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Alexander Hamilton: The Creator Of The Constitution

explanatory Essay
1374 words
1374 words
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When one thinks of the Founding Fathers - the creators of the Constitution - they might think of Alexander Hamilton, and for good reason. He was famous for leading a life of tremendous tenacity and he never spared any expense, his pride or others, when it came to fulling his ambitions. His perseverance is even more admirable when one takes into account his destitute early childhood to his world-renowned fame of his later years.Alexander Hamilton was born from wedlock between a Scottish trader and a married woman on January 11, 1755 or 1757 (the exact year is unknown) in the British West Indies (Biography). After being released from jail, Alexander’s mother, Rachel Fawcett Lavien, fled from her abusive first husband – who put her in prison …show more content…

In this essay, the author

  • Explains that alexander hamilton was famous for his tenacity and perseverance. his mother, rachel fawcett lavien, fled from her abusive first husband to st. croix, where he worked as an accountant clerk.
  • Explains how alexander hamilton enrolled in king's college in 1775 to fight in the revolutionary war. he passed the bar test after one year of self-study instead of three years of apprenticeship.
  • Explains how hamilton was a leading force for getting the constitution ratified. he argued that the union would crumble if they stayed with the articles.
  • Opines that hamilton was one of america's founding fathers, even though he had little to do with writing the constitution.
  • Opines that if alexander hamilton was a politician in today's world, he could've rocked the whole world with his brilliant proposals that would make all the other politicians' heads spin.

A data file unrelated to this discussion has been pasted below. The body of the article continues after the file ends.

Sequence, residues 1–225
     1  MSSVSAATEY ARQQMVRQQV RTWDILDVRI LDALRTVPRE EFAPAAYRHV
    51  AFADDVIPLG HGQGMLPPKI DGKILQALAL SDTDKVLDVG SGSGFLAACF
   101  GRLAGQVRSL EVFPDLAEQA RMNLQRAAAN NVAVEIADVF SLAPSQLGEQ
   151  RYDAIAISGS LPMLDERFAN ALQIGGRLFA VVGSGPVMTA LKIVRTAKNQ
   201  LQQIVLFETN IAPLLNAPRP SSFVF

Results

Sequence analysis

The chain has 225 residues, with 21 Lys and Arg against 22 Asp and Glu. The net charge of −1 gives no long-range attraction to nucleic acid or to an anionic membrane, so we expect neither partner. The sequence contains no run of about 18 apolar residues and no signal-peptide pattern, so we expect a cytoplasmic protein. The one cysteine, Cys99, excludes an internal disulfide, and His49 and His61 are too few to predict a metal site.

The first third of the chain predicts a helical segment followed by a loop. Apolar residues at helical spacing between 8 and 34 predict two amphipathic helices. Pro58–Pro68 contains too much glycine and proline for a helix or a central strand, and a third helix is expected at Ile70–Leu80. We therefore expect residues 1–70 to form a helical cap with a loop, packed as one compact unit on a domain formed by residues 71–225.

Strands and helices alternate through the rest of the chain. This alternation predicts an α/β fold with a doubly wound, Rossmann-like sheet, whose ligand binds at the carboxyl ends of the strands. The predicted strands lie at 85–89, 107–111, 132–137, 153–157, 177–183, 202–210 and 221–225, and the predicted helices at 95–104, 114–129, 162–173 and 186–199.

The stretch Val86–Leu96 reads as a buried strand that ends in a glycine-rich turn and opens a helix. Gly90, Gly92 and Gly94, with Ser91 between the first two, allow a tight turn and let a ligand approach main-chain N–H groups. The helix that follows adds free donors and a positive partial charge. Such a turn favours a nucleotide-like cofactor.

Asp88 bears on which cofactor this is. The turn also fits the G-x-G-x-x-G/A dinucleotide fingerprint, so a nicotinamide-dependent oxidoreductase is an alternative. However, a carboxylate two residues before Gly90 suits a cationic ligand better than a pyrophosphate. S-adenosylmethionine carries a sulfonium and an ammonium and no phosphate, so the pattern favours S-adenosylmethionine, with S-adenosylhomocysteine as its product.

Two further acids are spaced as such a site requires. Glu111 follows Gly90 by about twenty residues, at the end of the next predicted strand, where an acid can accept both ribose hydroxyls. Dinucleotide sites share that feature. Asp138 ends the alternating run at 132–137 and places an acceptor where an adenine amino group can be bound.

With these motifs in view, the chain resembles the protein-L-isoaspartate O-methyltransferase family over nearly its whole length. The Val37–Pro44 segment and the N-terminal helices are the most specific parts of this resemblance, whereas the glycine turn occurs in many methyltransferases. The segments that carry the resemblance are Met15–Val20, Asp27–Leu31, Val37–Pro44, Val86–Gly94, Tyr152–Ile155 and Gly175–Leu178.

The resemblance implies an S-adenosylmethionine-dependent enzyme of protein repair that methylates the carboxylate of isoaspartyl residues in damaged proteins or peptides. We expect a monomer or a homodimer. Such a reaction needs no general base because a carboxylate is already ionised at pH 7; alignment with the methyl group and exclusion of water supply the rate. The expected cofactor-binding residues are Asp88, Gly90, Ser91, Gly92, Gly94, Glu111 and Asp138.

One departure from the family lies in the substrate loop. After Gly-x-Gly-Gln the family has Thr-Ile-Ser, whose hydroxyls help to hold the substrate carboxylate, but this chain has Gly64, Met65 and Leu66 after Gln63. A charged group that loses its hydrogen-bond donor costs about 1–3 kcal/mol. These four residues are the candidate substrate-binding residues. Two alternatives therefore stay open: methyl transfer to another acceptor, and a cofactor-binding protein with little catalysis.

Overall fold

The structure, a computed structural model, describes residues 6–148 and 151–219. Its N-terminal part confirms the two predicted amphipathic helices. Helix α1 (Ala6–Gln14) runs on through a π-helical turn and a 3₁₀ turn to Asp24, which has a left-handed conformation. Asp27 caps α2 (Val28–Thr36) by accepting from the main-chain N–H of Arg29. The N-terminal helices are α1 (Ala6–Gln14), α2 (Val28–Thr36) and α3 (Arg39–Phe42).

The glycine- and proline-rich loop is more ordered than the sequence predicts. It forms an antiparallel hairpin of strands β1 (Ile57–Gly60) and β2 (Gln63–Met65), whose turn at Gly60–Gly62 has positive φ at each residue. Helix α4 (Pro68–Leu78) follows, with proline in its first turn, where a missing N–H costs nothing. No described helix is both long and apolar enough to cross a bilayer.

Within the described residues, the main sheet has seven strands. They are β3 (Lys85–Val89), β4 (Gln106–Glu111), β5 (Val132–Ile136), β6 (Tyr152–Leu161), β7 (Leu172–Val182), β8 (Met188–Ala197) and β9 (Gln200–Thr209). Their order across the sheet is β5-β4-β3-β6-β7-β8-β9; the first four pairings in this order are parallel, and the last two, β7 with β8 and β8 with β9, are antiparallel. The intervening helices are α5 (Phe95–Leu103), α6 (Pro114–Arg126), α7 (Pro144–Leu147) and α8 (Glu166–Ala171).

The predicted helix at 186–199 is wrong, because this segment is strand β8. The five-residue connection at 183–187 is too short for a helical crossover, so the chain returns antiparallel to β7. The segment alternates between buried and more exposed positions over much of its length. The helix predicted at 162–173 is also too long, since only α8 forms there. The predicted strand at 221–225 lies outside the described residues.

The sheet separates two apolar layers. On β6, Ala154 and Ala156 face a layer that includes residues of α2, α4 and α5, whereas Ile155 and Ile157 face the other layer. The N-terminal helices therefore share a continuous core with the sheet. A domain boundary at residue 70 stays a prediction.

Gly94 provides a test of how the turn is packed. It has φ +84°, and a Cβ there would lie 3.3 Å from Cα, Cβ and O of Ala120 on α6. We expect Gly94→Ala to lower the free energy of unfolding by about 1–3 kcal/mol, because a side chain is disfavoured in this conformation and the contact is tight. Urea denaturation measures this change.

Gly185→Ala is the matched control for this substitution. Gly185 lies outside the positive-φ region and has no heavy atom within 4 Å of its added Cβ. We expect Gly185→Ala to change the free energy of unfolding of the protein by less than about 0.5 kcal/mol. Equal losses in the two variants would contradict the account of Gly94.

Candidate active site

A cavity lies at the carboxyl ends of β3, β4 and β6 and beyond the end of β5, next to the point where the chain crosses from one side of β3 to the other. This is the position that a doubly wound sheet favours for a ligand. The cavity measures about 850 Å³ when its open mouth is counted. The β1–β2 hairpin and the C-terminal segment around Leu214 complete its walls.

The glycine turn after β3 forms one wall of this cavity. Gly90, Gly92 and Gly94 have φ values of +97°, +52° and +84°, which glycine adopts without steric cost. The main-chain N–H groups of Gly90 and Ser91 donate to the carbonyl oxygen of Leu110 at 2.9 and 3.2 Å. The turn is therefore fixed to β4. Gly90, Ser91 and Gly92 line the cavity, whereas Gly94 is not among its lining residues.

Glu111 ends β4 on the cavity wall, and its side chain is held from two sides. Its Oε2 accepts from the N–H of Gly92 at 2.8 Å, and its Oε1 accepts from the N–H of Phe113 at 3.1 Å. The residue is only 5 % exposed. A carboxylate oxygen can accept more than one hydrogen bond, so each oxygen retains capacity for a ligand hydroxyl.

Hamilton, famous for arguing, didn’t actually like the Constitution, but he knew that the Union would crumble if they stayed with the Articles, so he was a leading force for getting the Constitution ratified. He, James Madison, and John Jay wrote a series of essays called The Federalists that explained and defended the Constitution for the common people to understand. Hamilton himself wrote fifty-one of the eighty-five essays (Biography). When the New York Ratification Convention met in 1788 to discuss ratification, two-thirds of the delegates there didn’t want the Constitution to be ratified, but Alexander Hamilton strongly defended the worth of the Constitution from the Anti-Federalists (Biography). As a result, New York became the eleventh state to ratify the Constitution (Ben’s Guide). After the Constitution was fully accepted by all of the states and George Washington was elected President, he appointed Hamilton to be the Secretary of the Treasury. As Secretary, Hamilton tried everything he could to make economic policies that would stabilize and strengthen the Central Government. He proposed fiscal policies that would begin the payments for war bonds, that the government take control of the states’ debts, proposed a plan to institute a federal system for tax collection, and even created a plan for the United States to establish credit with other countries. Many Loyalists were infuriated with Hamilton’s proposals, but eventually, the Loyalists and Hamilton came to a compromise. Hamilton agreed to let the Capital of the United States be near the Potomac and James Madison (the representative of the Loyalists) agreed to stop blocking policies from going through Congress and let the Central Government gain more power than the individual states. In 1795, Hamilton stepped down from his position of Secretary, leaving a much more stable Federal

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